Thursday, November 22, 2012

Via Tevere

I got the call from my Dad that my Aunt Belle and Uncle Lyle had arrived in town for a short visit prior to their heading South of the border for Black Friday.  We had the one night that we could get together for dinner; so, I talked them into coming to our neck of the woods and a trip to Via Tevere.  Naturally, our timing wasn't the best and our group of six had to wait a good 45 minutes before we got seated.  Good thing they liked the pizza - and, just as importantly, the wine.

I knew that Via Tevere participates in the "new-ish" Bring Your Own Wine program that's been introduced in BC.  This is only the second time that Boo and I have taken advantage of the opportunity - and the first occasion was here as well.  After an initial flurry of press, I haven't heard much about BYOW at all and I don't know of many restaurants that are participating - not that we get out all that much.  It's a nice option though and I hope to be able to participate a lot down the road.

1290.  2004 Avignonesi - Vino Nobile di Montepulciano (D.O.C.G. Vino Nobile di Montepulciano - Tuscany - Italy)

I can't say that I know much about Avignonesi; however, I clearly remember that I was advised to keep an eye out for their wines while Boo and I were in Italy a couple of years back.  If memory serves, we were particularly tipped off about one of the winery's Super Tuscans: 50 & 50.  We never found that wine, nor did we even get to try an Avignonesi wine before time constraints forced us to leave Italy and return home.  Although the Vino Nobile is a traditional Tuscan wine (as opposed to a new fangled Super Tuscan),I was glad to run across this bottle in a local bottle shop.

The winery is named after the Avignonese family - founders of the original estate.  It was purchased in 2009, however, by a retired Belgian lawyer.  While the new owner's intent was to build on the winery's reputation, one of her first steps was to look to switch vineyards over to organic viticultural practices.  Being a 2004, our vintage had, obviously, been bottled long before the change in ownership but I can only hope that quality levels stay the same - if not improve - because I quite enjoyed it and I'm hardly a big fan of Chianti - the region's prime wine.

The Vino Nobile di Montepulciano is more localized than Chianti; however, the wine is still primarily based on the Sangiovese grape, although producers generally use a local clone known as Prugnolo Gentile.  That varietal provides the majority of the wine's fruit - but there's an added bonus for me in that small quantities of Canaiolo Nero and Mammolino are used as well.  Neither of those varietals have been added to my Wine Century Club tally.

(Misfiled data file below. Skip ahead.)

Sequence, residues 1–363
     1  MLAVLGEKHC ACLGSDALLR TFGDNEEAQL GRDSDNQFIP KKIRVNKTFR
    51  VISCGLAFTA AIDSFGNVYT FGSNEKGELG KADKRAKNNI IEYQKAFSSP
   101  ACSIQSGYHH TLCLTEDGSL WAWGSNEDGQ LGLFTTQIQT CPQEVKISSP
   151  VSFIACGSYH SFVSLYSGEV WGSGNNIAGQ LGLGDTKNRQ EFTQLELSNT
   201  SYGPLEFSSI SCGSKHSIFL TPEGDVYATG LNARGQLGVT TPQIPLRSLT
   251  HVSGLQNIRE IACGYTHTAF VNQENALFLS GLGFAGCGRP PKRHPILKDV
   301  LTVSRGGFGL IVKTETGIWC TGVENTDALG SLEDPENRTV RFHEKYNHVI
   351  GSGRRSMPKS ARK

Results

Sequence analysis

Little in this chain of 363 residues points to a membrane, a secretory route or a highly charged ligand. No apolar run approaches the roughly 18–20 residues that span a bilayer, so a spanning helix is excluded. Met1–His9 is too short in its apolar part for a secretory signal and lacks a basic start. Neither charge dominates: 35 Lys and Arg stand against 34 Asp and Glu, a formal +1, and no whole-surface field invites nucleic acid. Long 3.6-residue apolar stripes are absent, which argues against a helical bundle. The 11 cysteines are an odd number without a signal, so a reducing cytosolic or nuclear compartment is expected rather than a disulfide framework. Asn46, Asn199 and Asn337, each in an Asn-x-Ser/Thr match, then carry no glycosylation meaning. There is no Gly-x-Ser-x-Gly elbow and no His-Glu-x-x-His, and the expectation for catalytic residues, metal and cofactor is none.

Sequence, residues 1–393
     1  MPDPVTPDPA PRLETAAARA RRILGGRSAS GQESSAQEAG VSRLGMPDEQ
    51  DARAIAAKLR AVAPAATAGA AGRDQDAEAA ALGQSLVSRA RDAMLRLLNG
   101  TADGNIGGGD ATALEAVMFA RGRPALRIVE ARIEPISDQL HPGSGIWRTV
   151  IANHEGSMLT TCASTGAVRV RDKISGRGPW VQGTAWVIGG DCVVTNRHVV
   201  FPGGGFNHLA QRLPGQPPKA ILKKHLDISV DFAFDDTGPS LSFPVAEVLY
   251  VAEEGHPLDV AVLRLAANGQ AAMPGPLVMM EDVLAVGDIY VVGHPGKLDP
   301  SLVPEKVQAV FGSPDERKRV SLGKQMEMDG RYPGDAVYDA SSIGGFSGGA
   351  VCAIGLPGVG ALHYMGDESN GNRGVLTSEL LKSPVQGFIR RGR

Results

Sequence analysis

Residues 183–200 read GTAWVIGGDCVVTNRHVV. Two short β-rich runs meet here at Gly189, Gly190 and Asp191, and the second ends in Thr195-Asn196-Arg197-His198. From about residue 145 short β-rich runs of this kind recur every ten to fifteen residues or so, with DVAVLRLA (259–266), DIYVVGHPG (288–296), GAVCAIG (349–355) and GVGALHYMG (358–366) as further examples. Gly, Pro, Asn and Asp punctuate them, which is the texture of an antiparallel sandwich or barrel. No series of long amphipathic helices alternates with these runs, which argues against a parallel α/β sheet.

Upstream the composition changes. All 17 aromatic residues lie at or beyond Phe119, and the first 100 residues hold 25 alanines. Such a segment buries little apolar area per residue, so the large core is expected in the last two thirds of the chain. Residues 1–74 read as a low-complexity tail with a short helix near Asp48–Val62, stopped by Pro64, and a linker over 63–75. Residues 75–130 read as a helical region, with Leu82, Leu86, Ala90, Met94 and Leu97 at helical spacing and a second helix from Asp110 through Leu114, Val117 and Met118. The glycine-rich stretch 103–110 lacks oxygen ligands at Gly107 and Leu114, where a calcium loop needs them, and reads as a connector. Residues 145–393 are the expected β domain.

Got to love that fact that I get to add to new varietals - while dining with the relatives and enjoying a wine to boot.

1291.  2011 ViVi - Falanghina (IGT Campania - Italy)

It was clear from the outset that we were going to need more than one bottle.  I didn't know whether we could bring two of our own bottles; so, we bought the Falanghina off the wine list.  I'd say that we were more of a red crowd - except for Aunt Belle - but there was no worry about leaving any of the white in the bottle.

The ViVi website doesn't actually provide a whole lot of information about the winery but I'm guessing that Vivi is more of a bulk, brand producer than Avignonesi.  That may well be the only way that a Falanghina varietal vine could be marketed in Vancouver though.  Falanghina is hardly going to be a grape that most people could go into a liquor store and rattle off as being the wine they want to pick up.  Marketed as a well-priced white wine might be a whole lot more sensible from a winery standpoint.

Italian whites aren't usually high on my list of faves - and this one didn't reach favourite status either - but it was well made with a nicer acidity to it than I often find with Italian whites.  The fruit was lacking (when compared to the local Okanagan wines) but the bottle was picked primarily for Aunt Belle's palate and she quite liked the wine.  So, the bottle definitely lived up to its task.

We called it quits after our wine and pizza because Boo had put one of the leftover Halloween pumpkins to use and made us a pie that wasn't pizza pie.  Homemade pie a tempting thought - especially when I remembered there was another bottle waiting at home.

1292.  2007 Pacific Rim - Vin de Glacière Riesling (Columbia Valley - Washington State)

Pumpkin pie and a Washington dessert wine seemed like an appropriate way to cap off our early start to American Thanksgiving.  I don't think Belle and Lyle were going to take in Costco for Black Friday, but I'm pretty sure I picked up the Vin de Glacière awhile back during a States-side visit to Costco ourselves.  I gather that the wine is a take on Canadian icewines.  

The big difference between this wine and a true icewine is that these grapes are harvested when they've reached high enough sugar levels and, then, they are frozen.  While the grapes are, indeed, pressed while frozen, the winery doesn't have to take the risks involved with waiting until the grapes have frozen outside in the vineyard before they can be picked and pressed.

The end result is still tasty though.  There was still plenty of honey and ripe tree fruit on the palate but I think it could have used a bit more acidity to balance out the sweet.  The cost was nowhere near as precious as an icewine would cost and that's hardly a bad thing.

All in all, I'd say things went well.  Everyone was still chatting away in our dining room when I called it quits.  Being the only one of the crowd that had to get up first thing in the morning, it was time to hit the sack.  And that had nothing to do with the fact that we'd finished off the evening's wines.  Truly.

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